As a member of the Cherokee Nation of Oklahoma, Kirby Williams came to Missouri State on a Presidential Scholarship with the intention of eventually going to law school.
But that changed when she discovered psychology.
“I went into psychology because I wanted to study the connection between physical health and mental health. I gained a deeper understanding of that connection, but also on the social impacts of mental health and the effects of trauma. So, what it looks like, how it manifests, how to cope and move forward,” the 28-year-old said.
At MSU, Williams earned a bachelor’s in psychology in 2015 and a master’s in clinical psychology in 2017.
Two internships at Missouri State proved incredibly valuable for her future. One was facilitating group therapy intervention for previous offenders of domestic violence.
“That was eye-opening,” Williams said. “It has been really beneficial for my current job being able to understand the dynamics of violence and seeing it from all sides, looking at how psychology and therapy can really help previous offenders move forward and have safer and healthier relationships if they’re willing to commit to that change and that learning.”
The other was a clinical internship at the Learning Diagnostic Center, which helped her land her first job doing psychological diagnostics at a university research lab in Nebraska.
It was a good transition until she was able to blend her passion with the skillset she acquired in graduate school.
Combining knowledge with passion
That opportunity presented itself at Legal Aid of Nebraska’s Native American Program. Her work as the program’s outreach coordinator focuses on addressing domestic violence, sexual assault, human trafficking, stalking, and dating violence against Native Americans in the state of Nebraska.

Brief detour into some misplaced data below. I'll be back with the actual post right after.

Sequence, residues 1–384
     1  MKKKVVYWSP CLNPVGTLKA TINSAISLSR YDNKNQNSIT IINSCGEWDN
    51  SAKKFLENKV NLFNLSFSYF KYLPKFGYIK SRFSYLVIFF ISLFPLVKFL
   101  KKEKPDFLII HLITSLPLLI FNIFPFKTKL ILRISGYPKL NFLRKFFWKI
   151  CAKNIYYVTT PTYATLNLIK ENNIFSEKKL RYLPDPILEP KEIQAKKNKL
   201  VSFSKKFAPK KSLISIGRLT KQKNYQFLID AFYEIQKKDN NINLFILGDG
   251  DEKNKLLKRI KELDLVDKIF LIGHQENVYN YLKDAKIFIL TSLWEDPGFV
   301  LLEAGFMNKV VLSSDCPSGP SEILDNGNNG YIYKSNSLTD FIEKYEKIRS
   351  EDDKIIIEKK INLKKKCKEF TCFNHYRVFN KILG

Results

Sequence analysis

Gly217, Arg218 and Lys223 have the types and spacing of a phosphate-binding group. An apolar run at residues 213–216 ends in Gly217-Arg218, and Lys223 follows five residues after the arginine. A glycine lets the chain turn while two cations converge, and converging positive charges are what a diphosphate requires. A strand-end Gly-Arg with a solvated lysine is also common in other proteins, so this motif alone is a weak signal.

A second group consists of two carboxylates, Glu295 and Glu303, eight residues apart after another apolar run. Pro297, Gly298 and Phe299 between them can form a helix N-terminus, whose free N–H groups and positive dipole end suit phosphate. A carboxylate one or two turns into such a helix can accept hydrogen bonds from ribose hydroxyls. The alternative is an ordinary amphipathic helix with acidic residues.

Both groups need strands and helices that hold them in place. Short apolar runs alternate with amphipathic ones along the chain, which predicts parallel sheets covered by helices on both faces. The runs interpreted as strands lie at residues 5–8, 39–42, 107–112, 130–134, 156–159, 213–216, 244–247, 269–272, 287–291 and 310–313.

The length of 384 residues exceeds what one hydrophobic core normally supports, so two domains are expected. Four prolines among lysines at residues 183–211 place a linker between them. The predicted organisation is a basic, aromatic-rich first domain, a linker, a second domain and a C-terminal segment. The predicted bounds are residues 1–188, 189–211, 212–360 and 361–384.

This includes networking resources for tribal domestic violence programs, educating tribal communities on red flags and warning signs, and training service providers on how to assist tribal communities and Native American survivors of violence
“That just felt like a perfect fit. It was a job that I could apply that background in psychology and trauma and put it towards my passion for serving Native American communities and addressing intimate partner violence,” she said.
“The good thing about having a psych major is that you understand trauma. And so you understand how trauma can impact people from an individual level, a family level and a community level.”
Native American women experience violence and sexual assault at a disproportionate rate compared to any other race in the United States. According to the National Institute of Justice Journal, 55% of Native women have experienced rape or violence by an intimate partner.
The majority of that violence is perpetrated by men who are not Native American.
Williams is herself a survivor of intimate partner violence.
“So, taking my experiences and moving forward with that and looking at ways that I could apply my expertise and knowledge to make a difference,” Williams said. “I like being able to connect with other Native survivors of violence and especially being able to help them not have to go through some of the doubt and problems that I went through and try to help empower them that they can take back their narrative and their story.”
Staying connected with MSU
Williams lives in Omaha with her husband, and is also an online per-course instructor at Missouri State. It was a great way to stay connected to her alma mater.
Williams says she loves that Missouri State is a big university but it felt like home. In college, she was involved in the Student Government Association and was a graduate assistant.
She found fantastic mentors in instructors and her advisor, Brittany Wise.
There’s a tribal teaching that helps guide her path in life: In everything you do, in every decision you make, think about how that’s going to impact the world seven generations from now.
“I do violence prevention and work in trauma so that hopefully seven generations from now, our Native communities are not facing the violence that we face nowadays and aren’t experiencing a lot of the trauma that we experience,” she said. “Regardless of anything, I want to serve Native communities. That’s always going to be my commitment. I’m open to however that’s going to manifest.”